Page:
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Archivist of the United States’ Letter to the Museum Field

Category: Influence of Museums
Exterior front facade of the National Archives and Records Administration

Many in our field have expressed concern over the National Archives and Records Administration’s (NARA) troubling alteration of a 2017 photograph of the Women’s March. Since that time, the federal agency has removed the altered photograph and replaced it with the original, unaltered photo. We appreciate NARA’s swift response and, at his request, share the Archivist of the United States’ apology letter to the museum field below. –Laura L. Lott, President and CEO, American Alliance of Museums

Dear AAM Community,

I am writing in response to the many museum professionals who have expressed concern about NARA’s alteration of a photo of the 2017 Women’s March.  Many expressed dismay about the deceptive presentation of an altered photograph without an explanation of the alterations and the failure in the essential role of a government archives in providing reliable access to the unaltered records of government, free of any suspicion of political interference.  I want you to know that I take these concerns extremely seriously. I want to extend my apology and describe our next steps to American Alliance of Museum members and the entire museum community.

As many of you know, on Saturday, January 18, the National Archives and Records Administration (NARA) issued a public apology for having displayed an altered photograph at the National Archives Museum in Washington, DC. The public apology reads in full:

We made a mistake.

As the National Archives of the United States, we are and have always been completely committed to preserving our archival holdings, without alteration.    

In an elevator lobby promotional display for our current exhibit on the 19th Amendment, we obscured some words on protest signs in a photo of the 2017 Women’s March. This photo is not an archival record held by the National Archives, but one we licensed to use as a promotional graphic. Nonetheless, we were wrong to alter the image.

We have removed the current display and will replace it as soon as possible with one that uses the unaltered image.

We apologize, and will immediately start a thorough review of our exhibit policies and procedures so that this does not happen again.

On Tuesday, January 21, I sent an apology to NARA staff members, and the next day I wrote a post on my blog, “Accepting Responsibility, Working to Rebuild Your Trust.” I also owe you and the entire museum community an apology. Any reason for doubt about our independence and commitment to professional ethics casts a pall over our field and is unacceptable in itself.

We wanted to use the commercially-licensed 2017 Women’s March image to connect the suffrage exhibit with relevant issues today. We also wanted to avoid accusations of partisanship or complaints that we displayed inappropriate language in a family-friendly Federal museum. For this reason, NARA blurred words in four of the protest signs in the reproduction of the 2017 march photograph, including President Trump’s name and female anatomical references.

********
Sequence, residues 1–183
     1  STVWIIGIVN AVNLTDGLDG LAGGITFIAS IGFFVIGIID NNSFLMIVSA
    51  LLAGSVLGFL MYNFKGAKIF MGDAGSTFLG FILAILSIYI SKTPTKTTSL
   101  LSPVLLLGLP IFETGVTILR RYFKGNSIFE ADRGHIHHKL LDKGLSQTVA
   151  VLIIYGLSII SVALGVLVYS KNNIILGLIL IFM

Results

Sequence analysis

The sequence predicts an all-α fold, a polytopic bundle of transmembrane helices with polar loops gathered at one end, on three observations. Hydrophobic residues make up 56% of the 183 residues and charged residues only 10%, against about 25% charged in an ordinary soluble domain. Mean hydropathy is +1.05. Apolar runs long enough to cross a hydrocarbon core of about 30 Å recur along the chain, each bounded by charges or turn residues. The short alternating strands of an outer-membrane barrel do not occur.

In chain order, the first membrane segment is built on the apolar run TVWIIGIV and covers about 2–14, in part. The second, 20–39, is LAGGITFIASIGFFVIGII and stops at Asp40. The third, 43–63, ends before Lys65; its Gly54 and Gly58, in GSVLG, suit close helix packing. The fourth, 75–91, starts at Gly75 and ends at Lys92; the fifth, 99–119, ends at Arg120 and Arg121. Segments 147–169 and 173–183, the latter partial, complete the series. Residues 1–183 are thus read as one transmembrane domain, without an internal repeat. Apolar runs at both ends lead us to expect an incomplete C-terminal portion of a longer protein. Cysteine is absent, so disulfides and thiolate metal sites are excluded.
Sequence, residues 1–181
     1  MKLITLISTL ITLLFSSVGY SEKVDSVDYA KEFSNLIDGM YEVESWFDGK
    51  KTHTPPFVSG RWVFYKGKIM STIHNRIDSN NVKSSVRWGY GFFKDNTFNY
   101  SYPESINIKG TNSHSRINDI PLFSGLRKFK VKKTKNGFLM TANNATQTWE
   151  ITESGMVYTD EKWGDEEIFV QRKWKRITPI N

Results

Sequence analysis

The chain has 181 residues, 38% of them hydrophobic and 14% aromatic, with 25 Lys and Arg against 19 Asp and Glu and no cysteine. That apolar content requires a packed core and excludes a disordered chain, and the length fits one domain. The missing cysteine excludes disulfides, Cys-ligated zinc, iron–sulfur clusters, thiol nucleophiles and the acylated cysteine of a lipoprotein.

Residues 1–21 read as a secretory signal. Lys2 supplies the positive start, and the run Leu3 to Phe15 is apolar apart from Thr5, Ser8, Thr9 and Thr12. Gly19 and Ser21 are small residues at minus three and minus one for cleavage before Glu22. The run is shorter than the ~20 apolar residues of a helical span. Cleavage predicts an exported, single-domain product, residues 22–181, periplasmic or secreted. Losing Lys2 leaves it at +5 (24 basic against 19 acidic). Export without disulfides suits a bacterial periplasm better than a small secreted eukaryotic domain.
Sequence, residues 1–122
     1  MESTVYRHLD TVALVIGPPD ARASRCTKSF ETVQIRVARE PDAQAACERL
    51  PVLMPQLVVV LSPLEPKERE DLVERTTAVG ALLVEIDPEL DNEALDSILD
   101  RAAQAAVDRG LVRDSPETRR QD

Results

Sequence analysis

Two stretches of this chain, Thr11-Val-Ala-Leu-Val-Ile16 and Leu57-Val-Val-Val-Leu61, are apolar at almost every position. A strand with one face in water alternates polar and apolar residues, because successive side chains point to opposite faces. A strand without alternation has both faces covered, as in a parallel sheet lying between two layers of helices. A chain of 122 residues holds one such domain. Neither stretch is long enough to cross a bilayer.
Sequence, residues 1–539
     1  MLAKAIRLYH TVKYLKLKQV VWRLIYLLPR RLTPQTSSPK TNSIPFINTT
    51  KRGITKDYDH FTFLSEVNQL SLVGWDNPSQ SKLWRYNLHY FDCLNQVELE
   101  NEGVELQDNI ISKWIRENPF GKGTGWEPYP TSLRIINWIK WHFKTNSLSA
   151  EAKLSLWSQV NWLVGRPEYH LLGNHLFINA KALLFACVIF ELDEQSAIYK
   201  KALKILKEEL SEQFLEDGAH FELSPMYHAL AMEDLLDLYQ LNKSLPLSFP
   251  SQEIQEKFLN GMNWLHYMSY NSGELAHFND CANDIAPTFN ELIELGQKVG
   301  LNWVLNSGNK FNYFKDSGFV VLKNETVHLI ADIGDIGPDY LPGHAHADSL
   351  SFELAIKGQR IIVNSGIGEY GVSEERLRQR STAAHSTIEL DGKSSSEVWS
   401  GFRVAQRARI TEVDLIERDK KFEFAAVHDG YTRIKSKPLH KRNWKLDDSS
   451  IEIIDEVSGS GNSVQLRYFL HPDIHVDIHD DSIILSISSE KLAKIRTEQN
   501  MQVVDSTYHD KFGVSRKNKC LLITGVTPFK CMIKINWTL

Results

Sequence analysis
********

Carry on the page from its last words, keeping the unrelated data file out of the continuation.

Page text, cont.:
To be clear, the decision to alter the photograph was made without any external direction whatsoever.

We wrongly missed the overall implications of the alteration.  We lost sight of our unique charge: as an archives, we must present historic materials without alteration; as a museum proudly celebrating the accomplishments of women, we should accurately present the voices of women; and as a Federal agency, we must be completely and visibly non-partisan.

We are now working to correct our actions as quickly and transparently as possible.

We immediately removed the lenticular display and replaced it with our apology letter. On Wednesday, January 22, we added the unaltered image of the 2017 march, placing it side-by-side with one from the 1913 rally. We will reinstall the lenticular display as soon as a new one with the unaltered image can be delivered. We hope this will be the week of January 27.

We have also begun to examine internal exhibit policies and processes and will carefully compare them with AAM’s core standards and code of ethics.  We will also study and adopt all relevant museum, archival and library best practices to ensure something like this never happens again.

As I stated in my blog post and want to emphasize again here, I take full responsibility for this decision and the broader concerns it has raised. Together with NARA’s dedicated employees, I am committed to working to rebuild your trust in the National Archives and Records Administration. By continuing to serve our mission and customers with pride, integrity, and a commitment to impartiality, I pledge to restore public confidence in this great institution.




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  1. Thank you for posting this. However, in light of other recent articles about activities at the National Archive, I feel that much more transparency is needed in terms of how the National Archive is handling the material it is responsible for. The National Archive represents the history of the United States as it happens. That is a tremendous task that needs to be done without the censorship or active involvement of other branches of government. If documents from ICE were slated to go to the National Archive per existing policy, then those documents should go to the National Archive unaltered and complete. This is not a partisan issue. This is about recording the present accurately, honestly, and completely. Anything else is a critical failure of the National Archive to fulfill its crucial duties.

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